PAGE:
White Pine Fever: The Studebaker Tree Sign



Following their exit from the auto business, Studebaker sold the proving grounds and surrounding land to Bendix Corporation, from which the name “Bendix Woods County Park” originates.




Both the name and the Studebaker sign hung on though the land was sold to Bosch in 1996 and to Navistar in 2015. The latter firm has restored the test track and dubbed it the Navistar Proving Grounds.



The vagaries of human economic rises and falls had little effect upon the aging pines of the Studebaker tree sign. The lack of regular maintenance, however, would eventually result in the sign’s letters gradually losing cohesiveness and legibility. To forestall this, in 2011 Indiana Landmarks awarded the St. Joseph County Parks Foundation a $2,500 endangered places grant to jump-start the sign’s long-term management and preservation. It was about time: above is Evie Kirkwood, director of St. Joseph County Parks, examining the distressed state of the “B” in the Studebaker tree sign in August of 2013.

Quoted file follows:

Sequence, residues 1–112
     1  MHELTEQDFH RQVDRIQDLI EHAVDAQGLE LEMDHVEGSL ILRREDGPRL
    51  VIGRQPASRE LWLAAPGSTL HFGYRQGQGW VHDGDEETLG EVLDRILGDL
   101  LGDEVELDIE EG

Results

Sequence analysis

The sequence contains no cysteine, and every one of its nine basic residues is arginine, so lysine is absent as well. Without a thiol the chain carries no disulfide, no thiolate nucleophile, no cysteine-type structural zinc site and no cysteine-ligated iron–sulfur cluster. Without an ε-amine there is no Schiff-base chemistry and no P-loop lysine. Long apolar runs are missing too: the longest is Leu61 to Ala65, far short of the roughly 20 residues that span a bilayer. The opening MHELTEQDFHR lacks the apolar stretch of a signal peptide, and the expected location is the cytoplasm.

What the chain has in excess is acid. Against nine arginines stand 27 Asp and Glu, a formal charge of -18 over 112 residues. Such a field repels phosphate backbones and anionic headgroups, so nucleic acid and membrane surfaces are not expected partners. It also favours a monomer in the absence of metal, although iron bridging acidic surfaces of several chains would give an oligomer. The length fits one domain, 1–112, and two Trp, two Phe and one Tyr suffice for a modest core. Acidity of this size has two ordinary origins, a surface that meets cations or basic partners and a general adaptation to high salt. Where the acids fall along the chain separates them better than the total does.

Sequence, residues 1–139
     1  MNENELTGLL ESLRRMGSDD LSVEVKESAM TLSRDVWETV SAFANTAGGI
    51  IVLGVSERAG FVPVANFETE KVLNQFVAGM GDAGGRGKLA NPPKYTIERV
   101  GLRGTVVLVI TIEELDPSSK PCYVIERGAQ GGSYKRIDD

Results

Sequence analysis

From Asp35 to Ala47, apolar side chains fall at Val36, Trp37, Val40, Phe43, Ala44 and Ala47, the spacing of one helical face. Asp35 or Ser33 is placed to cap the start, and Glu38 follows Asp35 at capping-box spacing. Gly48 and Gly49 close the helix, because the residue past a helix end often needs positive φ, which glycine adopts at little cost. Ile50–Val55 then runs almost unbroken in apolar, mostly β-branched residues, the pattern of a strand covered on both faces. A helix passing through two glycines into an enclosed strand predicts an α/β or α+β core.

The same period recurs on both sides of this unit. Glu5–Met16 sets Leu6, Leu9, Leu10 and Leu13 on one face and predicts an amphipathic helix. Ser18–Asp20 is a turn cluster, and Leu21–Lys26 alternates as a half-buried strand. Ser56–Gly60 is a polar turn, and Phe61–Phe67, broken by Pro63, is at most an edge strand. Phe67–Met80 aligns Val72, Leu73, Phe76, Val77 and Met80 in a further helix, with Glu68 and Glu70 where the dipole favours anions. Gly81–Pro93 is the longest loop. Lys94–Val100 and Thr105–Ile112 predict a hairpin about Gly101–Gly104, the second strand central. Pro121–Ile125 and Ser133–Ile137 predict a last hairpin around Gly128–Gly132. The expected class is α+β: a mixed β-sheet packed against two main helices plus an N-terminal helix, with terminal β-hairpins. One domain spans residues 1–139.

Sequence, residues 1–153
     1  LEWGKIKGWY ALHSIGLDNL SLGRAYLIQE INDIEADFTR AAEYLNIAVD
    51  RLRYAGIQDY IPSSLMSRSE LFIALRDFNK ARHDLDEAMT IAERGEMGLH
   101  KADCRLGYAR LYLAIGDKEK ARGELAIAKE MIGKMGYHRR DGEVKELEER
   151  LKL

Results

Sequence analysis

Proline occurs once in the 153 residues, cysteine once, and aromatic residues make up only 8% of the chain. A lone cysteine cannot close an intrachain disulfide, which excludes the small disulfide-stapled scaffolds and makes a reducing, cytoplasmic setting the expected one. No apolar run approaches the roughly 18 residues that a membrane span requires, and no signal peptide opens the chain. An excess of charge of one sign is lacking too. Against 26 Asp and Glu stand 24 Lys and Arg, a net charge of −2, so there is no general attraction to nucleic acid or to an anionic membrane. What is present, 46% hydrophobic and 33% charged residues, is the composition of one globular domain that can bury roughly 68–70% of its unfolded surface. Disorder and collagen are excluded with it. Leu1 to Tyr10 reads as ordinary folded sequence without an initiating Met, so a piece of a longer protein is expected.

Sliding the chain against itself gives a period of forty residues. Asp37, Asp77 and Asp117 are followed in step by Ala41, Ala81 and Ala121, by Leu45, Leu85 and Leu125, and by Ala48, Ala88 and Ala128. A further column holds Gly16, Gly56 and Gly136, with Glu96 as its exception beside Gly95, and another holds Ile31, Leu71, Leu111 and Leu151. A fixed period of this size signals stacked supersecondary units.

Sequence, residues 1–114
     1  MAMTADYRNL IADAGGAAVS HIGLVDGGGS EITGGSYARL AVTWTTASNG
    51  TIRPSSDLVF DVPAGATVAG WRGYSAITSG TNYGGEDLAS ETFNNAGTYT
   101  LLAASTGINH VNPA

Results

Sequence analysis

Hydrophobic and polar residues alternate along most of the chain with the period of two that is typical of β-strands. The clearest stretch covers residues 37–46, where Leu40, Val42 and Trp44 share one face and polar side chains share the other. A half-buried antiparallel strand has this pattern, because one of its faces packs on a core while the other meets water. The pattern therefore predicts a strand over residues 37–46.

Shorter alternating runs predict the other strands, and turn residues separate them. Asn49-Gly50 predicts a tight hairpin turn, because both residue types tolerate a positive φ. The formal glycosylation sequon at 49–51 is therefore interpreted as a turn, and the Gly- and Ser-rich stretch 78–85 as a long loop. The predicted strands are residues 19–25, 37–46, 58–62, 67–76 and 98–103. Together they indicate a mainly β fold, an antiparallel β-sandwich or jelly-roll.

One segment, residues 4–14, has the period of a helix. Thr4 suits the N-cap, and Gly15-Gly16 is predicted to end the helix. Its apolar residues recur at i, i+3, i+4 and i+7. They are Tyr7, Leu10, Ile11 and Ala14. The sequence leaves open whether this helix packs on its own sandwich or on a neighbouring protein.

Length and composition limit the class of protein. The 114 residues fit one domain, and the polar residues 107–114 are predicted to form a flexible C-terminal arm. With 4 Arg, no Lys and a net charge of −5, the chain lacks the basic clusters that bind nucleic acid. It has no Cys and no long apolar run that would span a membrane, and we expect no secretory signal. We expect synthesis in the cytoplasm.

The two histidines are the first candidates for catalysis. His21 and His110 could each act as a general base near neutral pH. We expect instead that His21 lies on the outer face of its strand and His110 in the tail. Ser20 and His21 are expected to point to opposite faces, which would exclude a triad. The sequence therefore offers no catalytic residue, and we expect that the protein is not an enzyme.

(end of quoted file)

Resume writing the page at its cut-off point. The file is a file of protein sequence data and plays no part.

An overall management plan was completed in 2012 and over the next two years, dead and diseased trees were removed in order to reduce the likelihood of fire and control insect pests. Between April 15th and April 19th of 2015, a new generation of volunteers then dug in – literally – to plant 2,400 spruce, fir, hemlock and pine saplings. “It’s really neat that we can preserve South Bend, St. Joseph County history,” stated volunteer Charlie Kiefer. “Studebaker was such a big part of the area, and it kind of lives on with things like this.”